The people arrested last week in an alleged illegal Internet gambling ring aren’t household names locally, but many are well-known in sports wagering and poker — and law enforcement — circles.
The arrests and searches of suspects’ homes Oct. 24 in Las Vegas, California, New York, New Jersey and Pennsylvania are the latest in a series of gambling crackdowns that span many decades and often have ties to shadowy gambling operations overseas, particularly in Costa Rica.
The latest sweep offers a few new twists: the alleged involvement of a now-fired Cantor Gaming sports book vice president in Las Vegas and the ring’s apparent use of the reputable Pinnacle Sports offshore sports gambling website.
Prosecutors say Pinnacle Sports served as a high-tech “wire room" where bettors and their agents placed wagers and maintained accounts.
Pinnacle Sports says it is based in the Caribbean island of Curacao off the coast of Venezuela, but at least one other website named in last week’s bust appears to be operating out of Costa Rica.
As the case continues to unfold, gaming industry officials and sports bettors will be looking for answers to several questions:
• How the former Cantor Gaming vice president, Mike Colbert, allegedly became connected to the ring, when that happened and why his conduct wasn’t detected by the company or the Nevada regulators who licensed him.
• Whether three men in Las Vegas and California actually own Pinnacle Sports, as prosecutors claim.
• How the Channel Islands-based Alderney Gambling Control Commission, a respected licensor of Internet gambling sites and a licensor of Pinnacle Sports, may have missed what prosecutors allege: that money from U.S. sports gamblers was illegally routed through Pinnacle and other websites.
What has emerged so far are details about those arrested:
• Colbert, 32, who lives in the Mountain's Edge area of Las Vegas, is accused by New York prosecutors of being a “money collector/agent" who helped build a clientele of gamblers for the ring and collected or paid out money owed to them.
Among the defendants, Colbert has among the thinnest public records paper trail, which isn't surprising since gambling arrests or similar trouble would likely have prevented him from gaining a Nevada gaming license. Cantor says its probe of Colbert after his arrest found nothing that indicated he was using Cantor’s system or accounts for wrongdoing.
Colbert studied economics and business at Allegheny College in Pennsylvania from 1998 to 2002, according to an online profile, and he joined Cantor Gaming in 2008, where he worked until his arrest last week.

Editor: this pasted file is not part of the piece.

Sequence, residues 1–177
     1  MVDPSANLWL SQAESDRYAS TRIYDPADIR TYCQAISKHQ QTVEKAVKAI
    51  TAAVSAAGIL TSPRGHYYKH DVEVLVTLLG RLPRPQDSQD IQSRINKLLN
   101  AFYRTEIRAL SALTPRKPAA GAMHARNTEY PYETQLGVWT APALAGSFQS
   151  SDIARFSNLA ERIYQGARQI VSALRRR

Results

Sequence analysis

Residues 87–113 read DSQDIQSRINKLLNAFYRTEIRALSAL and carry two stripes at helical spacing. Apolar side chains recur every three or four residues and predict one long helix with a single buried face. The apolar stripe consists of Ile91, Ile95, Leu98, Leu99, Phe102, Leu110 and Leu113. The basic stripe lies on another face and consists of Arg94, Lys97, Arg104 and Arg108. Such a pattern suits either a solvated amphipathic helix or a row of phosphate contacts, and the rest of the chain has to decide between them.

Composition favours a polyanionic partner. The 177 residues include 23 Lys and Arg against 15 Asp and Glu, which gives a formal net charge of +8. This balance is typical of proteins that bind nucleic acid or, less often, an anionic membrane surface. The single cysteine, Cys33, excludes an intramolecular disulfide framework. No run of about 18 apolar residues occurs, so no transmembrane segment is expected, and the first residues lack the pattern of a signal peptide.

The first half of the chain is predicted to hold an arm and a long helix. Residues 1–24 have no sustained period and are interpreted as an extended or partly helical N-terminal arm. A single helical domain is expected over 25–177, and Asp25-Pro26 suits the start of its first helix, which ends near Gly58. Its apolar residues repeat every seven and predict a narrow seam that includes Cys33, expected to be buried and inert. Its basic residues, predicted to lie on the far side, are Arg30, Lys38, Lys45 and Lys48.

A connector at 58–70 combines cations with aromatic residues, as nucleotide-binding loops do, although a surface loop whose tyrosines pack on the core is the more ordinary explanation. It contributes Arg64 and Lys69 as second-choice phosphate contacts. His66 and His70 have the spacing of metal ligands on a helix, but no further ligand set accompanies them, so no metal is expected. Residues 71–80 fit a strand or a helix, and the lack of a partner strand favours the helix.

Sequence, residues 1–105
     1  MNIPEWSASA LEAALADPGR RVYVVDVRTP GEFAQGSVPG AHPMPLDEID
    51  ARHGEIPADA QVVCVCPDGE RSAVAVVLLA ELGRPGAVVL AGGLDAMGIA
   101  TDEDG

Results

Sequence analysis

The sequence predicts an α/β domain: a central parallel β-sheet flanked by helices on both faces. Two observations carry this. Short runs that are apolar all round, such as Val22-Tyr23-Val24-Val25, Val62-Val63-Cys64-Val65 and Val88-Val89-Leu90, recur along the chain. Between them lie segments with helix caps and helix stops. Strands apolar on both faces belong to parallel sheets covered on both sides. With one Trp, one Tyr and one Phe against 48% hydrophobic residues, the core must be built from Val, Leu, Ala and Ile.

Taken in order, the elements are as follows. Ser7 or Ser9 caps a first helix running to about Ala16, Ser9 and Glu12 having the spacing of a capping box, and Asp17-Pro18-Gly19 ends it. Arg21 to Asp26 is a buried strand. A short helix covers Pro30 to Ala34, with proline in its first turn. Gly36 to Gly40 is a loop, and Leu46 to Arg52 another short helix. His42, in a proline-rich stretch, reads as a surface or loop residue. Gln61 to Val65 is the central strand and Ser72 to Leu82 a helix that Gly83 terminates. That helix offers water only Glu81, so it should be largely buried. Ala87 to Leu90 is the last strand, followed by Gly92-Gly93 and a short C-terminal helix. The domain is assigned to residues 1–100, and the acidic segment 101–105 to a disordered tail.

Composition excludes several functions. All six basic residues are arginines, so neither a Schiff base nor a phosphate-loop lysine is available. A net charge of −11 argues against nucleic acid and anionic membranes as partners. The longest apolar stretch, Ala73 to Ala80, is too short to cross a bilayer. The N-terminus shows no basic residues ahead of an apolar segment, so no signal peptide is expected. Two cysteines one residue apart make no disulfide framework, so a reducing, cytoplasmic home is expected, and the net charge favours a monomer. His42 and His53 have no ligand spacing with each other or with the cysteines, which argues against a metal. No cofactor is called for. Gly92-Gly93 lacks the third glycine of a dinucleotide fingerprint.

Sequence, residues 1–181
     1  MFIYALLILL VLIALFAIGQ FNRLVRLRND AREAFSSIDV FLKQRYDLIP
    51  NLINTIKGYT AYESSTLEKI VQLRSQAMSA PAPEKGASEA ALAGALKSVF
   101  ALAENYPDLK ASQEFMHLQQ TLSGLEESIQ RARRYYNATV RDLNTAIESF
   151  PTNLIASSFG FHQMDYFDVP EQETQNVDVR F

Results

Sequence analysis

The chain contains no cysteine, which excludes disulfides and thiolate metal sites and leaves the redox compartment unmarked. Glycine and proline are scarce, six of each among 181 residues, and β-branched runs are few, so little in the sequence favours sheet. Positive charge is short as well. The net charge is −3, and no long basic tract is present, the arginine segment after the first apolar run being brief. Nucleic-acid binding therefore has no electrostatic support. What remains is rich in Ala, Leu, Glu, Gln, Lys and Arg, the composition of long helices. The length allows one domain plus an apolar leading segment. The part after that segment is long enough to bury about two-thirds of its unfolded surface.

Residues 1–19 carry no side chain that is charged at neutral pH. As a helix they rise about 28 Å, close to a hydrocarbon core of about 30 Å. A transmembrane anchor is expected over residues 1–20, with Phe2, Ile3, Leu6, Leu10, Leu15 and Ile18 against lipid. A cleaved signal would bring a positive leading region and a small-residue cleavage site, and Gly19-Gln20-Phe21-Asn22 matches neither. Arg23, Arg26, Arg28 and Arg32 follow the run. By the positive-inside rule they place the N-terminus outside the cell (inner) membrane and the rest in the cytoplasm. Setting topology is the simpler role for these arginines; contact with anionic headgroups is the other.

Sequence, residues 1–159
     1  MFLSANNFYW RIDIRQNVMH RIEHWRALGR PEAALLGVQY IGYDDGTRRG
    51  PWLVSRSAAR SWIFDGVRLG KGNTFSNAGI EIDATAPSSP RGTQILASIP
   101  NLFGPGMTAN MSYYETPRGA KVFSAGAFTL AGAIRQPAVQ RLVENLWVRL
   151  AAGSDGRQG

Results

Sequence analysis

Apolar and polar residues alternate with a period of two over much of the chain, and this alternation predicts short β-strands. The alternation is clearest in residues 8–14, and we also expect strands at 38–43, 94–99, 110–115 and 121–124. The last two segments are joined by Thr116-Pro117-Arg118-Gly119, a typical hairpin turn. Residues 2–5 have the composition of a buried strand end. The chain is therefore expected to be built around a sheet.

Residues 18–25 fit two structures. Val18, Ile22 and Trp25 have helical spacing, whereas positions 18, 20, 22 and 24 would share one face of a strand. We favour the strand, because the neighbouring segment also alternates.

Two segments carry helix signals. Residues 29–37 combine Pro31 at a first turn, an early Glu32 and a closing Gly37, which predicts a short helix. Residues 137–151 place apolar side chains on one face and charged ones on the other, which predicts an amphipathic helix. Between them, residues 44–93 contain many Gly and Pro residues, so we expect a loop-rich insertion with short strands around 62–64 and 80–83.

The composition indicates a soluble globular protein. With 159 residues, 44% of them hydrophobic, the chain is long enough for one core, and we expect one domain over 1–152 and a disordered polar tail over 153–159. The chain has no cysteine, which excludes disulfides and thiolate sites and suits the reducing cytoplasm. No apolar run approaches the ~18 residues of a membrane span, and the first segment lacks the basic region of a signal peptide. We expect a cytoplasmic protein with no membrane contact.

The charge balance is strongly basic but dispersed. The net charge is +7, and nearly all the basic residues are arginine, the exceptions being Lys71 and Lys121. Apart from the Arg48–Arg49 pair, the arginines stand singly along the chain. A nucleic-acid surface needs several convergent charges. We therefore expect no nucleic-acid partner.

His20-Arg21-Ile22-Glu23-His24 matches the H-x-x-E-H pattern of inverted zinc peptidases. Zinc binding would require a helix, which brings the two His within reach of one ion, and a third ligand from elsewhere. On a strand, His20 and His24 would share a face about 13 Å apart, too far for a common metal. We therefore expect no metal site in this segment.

Colbert had been quoted in a Vegas Seven story prior to his arrest saying sports betting should be legalized outside of Nevada. He pointed out that many Americans bet with offshore sites or illegal bookmakers.
John Lienert, an attorney in Pittsburgh familiar with Colbert, wrote in a blog post that he was shocked at Colbert’s arrest and said Colbert is a "local legend" after a standout high school basketball career.
"Mike knew what he was doing was against the law," Lienert wrote. "And he continued to do it anyway."
• Brandt England, 46, who lives in the Lakes area of Las Vegas, is accused of being an owner of Pinnacle Sports and a bookmaker for the ring that allegedly earned more than $50 million in profits over an 18-month period.
England is known in Las Vegas as a gambler and investor with plenty of experience dealing with the court system.
In 2007 and 2008, England and two other Las Vegans were among more than 40 people charged or implicated in a gambling operation linked to a credit card processing system for a Costa Rica betting website. Records show the ring operated mainly through Phoenix-area bars, but the investigation appeared to involve wiretaps and financial transactions in Las Vegas and other cities outside Arizona.
England faced two counts of benefiting from gambling and one count of promoting gambling. He pleaded guilty to one count of benefiting from gambling; the other two charges were dropped.
England was sentenced to 30 days of probation, Maricopa County records show.
The case attracted attention in Las Vegas because after Metro Police raided the local suspects’ properties, attorneys for England and his co-defendants sued to recover cash and property they claimed had been seized and wrongly transferred to Phoenix without court authorization. Maricopa County deputies eventually returned to England $252,000 in cash and a valuable coin collection.